The report published this morning reports that 470,000 people currently die each year, however it states that not all of these people will need palliative care.
The review estimates that the total palliative care needs of the population in England is around 355,000 people (with a maximum of 457,000) requiring care every year. The numbers who currently receive specialist palliative care is around 171,000. They estimate that around 92,000 people per year have unmet palliative needs, but this could be as many as 299,000.
The report recommends that the NHS should fully fund:
- A regular assessment of the needs of a patient
- All the clinically assessed palliative care needs of a patient irrespective of setting, as in any other branch of clinical care
- A coordinator for the patient who will guide them through their journey, signposting patients and families to the full range of services including those provided by society and not funded by the state
- At the end of life, as an addition to the tariff, the social care needs of a patient after they are added to an end of life locality register (removing the need for social care means assessment for patients on an end of life locality register)
- Palliative care education and training for NHS professionals.
- Episodes of care which are not assessed as a clinical need
- Support for families and carers
- Bereavement care (except for a prebereavement assessment), spiritual care, complementary therapies, support for carers and families, information and advice, respite care for adults, play therapy, and other similar interventions.
A survey by the Department of Health estimated that PCTs spent £460m on adult palliative and end of life care in 2010/11, with one PCT spending £0.2m on specialist palliative care alone, and another £21m. This means that one PCT spent approximately £186 per death on specialist palliative care, while another spent £6,213. A total of, 61% of all PCTs spend less than £1,000 per death in their PCT. However the majority of funding comes from voluntary donations through fundraising. By increasing the provision of services outside the hospital could lead to a potential reduction in hospital costs of £180m per annum.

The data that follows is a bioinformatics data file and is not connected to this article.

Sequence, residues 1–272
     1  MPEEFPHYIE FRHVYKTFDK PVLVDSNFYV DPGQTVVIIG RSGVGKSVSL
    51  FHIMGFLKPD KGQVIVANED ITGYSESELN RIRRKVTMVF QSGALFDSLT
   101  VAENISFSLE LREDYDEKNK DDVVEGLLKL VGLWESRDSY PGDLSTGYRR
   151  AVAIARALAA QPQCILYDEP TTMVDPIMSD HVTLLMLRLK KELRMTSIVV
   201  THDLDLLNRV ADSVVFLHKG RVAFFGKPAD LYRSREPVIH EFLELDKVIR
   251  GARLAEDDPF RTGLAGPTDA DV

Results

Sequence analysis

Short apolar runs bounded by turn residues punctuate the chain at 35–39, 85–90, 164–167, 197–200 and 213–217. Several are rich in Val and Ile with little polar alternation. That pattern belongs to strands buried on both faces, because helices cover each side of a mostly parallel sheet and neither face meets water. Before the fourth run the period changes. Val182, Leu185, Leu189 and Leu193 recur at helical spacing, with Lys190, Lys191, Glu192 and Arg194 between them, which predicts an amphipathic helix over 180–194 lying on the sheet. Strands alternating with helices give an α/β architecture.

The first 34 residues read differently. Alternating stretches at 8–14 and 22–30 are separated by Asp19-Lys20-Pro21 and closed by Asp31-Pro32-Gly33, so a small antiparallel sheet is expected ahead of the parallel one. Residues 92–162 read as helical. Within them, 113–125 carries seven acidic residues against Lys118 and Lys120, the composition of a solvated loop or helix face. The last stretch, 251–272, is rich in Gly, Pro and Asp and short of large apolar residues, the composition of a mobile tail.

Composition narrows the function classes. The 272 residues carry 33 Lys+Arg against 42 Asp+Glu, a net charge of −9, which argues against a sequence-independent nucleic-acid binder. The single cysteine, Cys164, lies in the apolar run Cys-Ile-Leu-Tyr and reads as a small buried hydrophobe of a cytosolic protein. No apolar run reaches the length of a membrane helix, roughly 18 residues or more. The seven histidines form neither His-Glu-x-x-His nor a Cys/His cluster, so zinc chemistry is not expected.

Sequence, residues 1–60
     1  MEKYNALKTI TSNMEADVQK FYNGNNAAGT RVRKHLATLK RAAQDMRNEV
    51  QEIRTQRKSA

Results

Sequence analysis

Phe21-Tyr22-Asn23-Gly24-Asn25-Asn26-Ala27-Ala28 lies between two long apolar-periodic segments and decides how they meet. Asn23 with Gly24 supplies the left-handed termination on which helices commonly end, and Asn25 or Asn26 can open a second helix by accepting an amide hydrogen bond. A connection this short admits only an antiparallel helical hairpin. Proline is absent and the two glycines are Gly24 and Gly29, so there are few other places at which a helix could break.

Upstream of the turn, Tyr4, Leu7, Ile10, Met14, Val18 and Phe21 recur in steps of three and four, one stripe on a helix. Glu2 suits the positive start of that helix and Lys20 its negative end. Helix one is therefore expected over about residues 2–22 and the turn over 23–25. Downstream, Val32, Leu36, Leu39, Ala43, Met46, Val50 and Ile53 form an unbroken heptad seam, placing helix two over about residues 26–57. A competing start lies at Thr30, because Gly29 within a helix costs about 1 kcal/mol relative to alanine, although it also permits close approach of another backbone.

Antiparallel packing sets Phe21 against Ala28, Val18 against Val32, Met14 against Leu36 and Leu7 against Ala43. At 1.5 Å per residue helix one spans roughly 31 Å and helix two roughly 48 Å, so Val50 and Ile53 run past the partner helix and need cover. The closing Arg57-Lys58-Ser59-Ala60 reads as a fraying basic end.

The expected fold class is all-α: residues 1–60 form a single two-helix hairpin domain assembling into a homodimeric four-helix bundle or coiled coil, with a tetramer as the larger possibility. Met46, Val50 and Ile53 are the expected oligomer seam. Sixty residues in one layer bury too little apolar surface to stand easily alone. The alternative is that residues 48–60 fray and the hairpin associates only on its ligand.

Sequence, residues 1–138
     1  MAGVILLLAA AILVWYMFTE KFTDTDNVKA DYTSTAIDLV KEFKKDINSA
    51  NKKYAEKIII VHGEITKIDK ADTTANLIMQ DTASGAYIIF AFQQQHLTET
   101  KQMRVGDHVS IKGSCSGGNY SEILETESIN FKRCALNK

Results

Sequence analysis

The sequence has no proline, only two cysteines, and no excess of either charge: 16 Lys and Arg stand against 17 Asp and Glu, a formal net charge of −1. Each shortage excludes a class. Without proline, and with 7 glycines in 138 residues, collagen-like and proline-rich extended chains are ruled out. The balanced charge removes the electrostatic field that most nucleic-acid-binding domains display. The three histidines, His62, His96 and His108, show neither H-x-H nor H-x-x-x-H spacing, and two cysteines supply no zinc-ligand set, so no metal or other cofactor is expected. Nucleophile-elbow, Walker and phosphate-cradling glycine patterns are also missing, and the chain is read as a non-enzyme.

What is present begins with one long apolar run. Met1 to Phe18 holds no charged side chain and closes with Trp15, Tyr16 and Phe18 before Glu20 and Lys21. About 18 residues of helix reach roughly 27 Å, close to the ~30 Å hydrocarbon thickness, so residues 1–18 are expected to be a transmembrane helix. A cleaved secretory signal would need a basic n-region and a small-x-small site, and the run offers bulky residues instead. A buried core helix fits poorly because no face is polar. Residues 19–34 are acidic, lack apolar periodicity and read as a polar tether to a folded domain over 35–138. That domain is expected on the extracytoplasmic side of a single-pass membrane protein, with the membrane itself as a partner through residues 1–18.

Costs will be relative to a 4 stage classification system, based on the system in Australia
This system could then be further combined with a system to capture the other drivers (provider type, problem severity, functional status and age), the system would need to be split between adults and children.
Key classification criteria proposed:
- Phase of illness
- Provider type
- Problem severity
- Functional status
- Phase of illness
- Problem severity
Providers will be paid on an activity basis, the level of payment will be based on the complexity and resources needed. with episode payments for each phase of illness.
The review recommends that once a patient reaches the end of life stage, and are put on the end of life locality register, all health and social care should be funded by the state and free at the point of delivery; but the social care additional tariff would not not include accommodation costs. The report acknowledges further work on this is undertaken and pilots established to test the model.
- Commissioning levels for palliative care services per population for adults and children should be set at a minimum population level of 300,000, and up to £1.5m
- Implementation of a per-patient funding model based on the presented classification system
- The development of a statement by the Government describing the palliative care support and services that patients, families and carers can receive, if they need them, from the NHS.
- A lead provider for palliative care is identified in every Clinical Commissioning Group, to coordinate all palliative care services, including those not funded by the NHS.
- Every Clinical Commissioning Group (or at commissioning network level) should be required to hold an end of life locality register
- Focus on 24/7 community care
- Drugs and pharmacy services still fully funded by NHS
- A leadership board be put in place, with representatives from across both the adult and children’s palliative care sector working in partnership with Government to manage and drive forward the transition to the new system.
- A new national data set will need to be developed, with nationally agreed methods to report, collate and analyse palliative care provision.
Ensuring availability of palliative care in hospital and community settings, and supporting early referral to palliative care, could therefore potentially lead to significant cost savings for the NHS on hospital costs in the last year of life.
- The current minimum data set is expanded to support the tariff and its collation made mandatory for all organisations providing NHS dedicated palliative care services.
- Outcomes measures are developed which are supported by the dataset and the NHS outcomes framework.
- Transition phase to the new system supported by national funding
From April 2012 build up community services
April 2012 - March 2014 - Undertake two-year pilots and collection of reliable and consistent data
April 2014 - March 2016 Shadowing of currencies and tariffs
April 2016 full implementation